Changes in amino acid levels and corresponding changes in mTOR activation will be quantified at baseline (time 0 hour prior to ingestion of a protein shake), then at 1 and 4 hours after ingestion of a protein shake.
Change History
Current Secondary Outcome Measures  ICMJE
 (submitted: May 12, 2020)
  • Determination of changes in autophagy and apoptosis markers in circulating monocytes over time after ingestion of a protein shake [ Time Frame: 0 Hour, 1 Hour and 3 Hours ]
    Blood collected at three different time points (0, 1 and 3 hours) will be used to measure changes in markers of autophagy and apoptosis at baseline (time 0 hour prior to ingestion of a protein shake), then at 1 and 3 hours after ingestion of a protein shake.
  • Determination of changes in reactive oxygen species in circulating monocytes over time after ingestion of a protein shake. [ Time Frame: 0 Hour, 1 Hour, and 3 Hours ]
    Blood collected at three different time points (0, 1 and 3 hours) will be used to measure changes in levels of reactive oxygen species at baseline (time 0 hour prior to ingestion of a protein shake), then at 1 and 3 hours after ingestion of a protein shake.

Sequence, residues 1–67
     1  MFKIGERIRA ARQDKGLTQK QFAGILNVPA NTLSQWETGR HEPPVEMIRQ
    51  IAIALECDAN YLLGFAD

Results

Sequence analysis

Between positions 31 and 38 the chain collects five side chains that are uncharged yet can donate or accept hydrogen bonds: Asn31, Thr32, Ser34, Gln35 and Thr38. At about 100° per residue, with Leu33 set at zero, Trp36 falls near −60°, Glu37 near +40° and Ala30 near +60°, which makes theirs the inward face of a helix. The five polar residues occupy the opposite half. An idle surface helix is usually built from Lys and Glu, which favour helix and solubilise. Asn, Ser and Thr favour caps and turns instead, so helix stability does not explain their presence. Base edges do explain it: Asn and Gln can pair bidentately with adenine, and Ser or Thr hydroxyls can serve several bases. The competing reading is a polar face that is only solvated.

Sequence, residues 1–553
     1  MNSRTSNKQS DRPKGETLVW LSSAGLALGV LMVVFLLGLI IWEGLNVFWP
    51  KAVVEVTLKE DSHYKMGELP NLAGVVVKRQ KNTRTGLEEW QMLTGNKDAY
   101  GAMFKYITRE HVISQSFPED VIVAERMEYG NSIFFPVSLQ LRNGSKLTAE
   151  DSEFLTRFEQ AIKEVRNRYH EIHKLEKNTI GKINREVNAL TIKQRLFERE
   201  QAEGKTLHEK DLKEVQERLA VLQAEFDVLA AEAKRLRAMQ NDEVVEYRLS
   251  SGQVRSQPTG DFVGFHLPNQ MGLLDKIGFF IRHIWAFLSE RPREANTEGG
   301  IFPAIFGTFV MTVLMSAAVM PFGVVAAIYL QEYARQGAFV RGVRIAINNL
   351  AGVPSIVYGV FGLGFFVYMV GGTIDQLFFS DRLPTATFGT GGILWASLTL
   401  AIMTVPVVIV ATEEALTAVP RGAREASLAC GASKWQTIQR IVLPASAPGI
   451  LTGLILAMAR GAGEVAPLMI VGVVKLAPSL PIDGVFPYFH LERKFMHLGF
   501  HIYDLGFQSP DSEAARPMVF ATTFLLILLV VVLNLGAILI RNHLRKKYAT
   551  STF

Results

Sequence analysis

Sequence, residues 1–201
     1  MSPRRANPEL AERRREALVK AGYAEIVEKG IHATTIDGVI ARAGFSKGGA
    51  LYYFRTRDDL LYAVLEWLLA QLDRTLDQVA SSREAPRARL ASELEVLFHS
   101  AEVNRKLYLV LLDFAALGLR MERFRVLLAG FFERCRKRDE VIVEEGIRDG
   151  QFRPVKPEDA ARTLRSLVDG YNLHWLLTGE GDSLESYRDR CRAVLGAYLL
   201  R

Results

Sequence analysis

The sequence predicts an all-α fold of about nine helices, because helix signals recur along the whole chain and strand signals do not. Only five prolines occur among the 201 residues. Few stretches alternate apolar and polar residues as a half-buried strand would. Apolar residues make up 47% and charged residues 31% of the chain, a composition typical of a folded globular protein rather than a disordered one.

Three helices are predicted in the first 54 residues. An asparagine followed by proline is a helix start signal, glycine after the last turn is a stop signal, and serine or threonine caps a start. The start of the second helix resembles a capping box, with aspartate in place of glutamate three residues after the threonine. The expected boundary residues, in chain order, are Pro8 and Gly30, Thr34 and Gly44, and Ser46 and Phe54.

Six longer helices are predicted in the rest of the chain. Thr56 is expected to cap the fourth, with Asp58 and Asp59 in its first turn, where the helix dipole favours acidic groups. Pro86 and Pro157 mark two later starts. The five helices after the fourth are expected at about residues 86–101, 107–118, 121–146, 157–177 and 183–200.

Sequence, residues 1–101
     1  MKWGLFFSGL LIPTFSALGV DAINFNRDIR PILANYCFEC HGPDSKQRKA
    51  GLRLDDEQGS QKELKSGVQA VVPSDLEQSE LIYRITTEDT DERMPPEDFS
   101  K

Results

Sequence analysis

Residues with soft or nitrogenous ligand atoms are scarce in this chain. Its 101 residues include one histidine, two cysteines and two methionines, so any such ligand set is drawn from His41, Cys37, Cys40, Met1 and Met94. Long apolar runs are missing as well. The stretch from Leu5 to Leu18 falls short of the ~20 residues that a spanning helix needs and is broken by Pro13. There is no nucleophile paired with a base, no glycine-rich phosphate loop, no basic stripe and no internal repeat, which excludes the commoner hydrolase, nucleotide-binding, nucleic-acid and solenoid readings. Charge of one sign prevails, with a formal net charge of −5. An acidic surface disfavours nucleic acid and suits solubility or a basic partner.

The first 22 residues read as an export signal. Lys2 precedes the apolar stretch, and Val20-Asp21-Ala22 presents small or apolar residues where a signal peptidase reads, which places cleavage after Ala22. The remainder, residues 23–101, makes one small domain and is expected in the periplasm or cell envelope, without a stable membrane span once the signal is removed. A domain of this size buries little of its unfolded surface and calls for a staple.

• Determination of changes in inflammatory markers in circulating monocytes over time after ingestion of a protein shake. [ Time Frame: 0 Hour, 1 Hour, and 3 Hours ]
    Blood collected at three different time points (0, 1 and 3 hours) will be used to measure changes in cytokines at baseline (time 0 hour prior to ingestion of a protein shake), then at 1 and 3 hours after ingestion of a protein shake.
Original Secondary Outcome Measures  ICMJE
 (submitted: May 8, 2019)
  • Determination of changes in autophagy and apoptosis markers in circulating monocytes over time after ingestion of a protein shake [ Time Frame: 0 Hour, 1 Hour and 4 Hours ]